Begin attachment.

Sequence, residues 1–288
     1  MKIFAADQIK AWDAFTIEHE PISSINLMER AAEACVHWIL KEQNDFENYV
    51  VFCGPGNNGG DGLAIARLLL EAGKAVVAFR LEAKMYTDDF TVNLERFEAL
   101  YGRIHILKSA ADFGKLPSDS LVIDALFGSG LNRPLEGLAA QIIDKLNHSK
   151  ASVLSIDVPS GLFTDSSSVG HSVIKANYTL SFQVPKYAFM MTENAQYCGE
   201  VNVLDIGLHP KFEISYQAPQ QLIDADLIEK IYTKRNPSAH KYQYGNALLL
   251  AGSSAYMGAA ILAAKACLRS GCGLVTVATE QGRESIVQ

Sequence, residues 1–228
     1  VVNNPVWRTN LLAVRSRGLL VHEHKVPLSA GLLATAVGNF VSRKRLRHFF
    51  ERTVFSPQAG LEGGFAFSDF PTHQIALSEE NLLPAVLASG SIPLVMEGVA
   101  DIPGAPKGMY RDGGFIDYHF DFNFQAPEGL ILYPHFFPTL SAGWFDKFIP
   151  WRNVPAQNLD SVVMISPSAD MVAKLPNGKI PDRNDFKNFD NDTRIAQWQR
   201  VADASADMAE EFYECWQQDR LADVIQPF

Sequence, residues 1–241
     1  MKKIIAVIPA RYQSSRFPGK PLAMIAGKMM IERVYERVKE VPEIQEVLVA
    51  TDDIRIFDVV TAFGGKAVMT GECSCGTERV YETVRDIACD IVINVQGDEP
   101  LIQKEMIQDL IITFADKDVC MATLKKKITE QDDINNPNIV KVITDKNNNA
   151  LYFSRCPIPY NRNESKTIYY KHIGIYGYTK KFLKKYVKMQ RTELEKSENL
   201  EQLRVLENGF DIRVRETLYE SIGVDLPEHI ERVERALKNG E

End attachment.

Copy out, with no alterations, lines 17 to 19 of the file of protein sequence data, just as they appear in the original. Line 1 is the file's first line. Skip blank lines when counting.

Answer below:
   101  LIQKEMIQDL IITFADKDVC MATLKKKITE QDDINNPNIV KVITDKNNNA
   151  LYFSRCPIPY NRNESKTIYY KHIGIYGYTK KFLKKYVKMQ RTELEKSENL
   201  EQLRVLENGF DIRVRETLYE SIGVDLPEHI ERVERALKNG E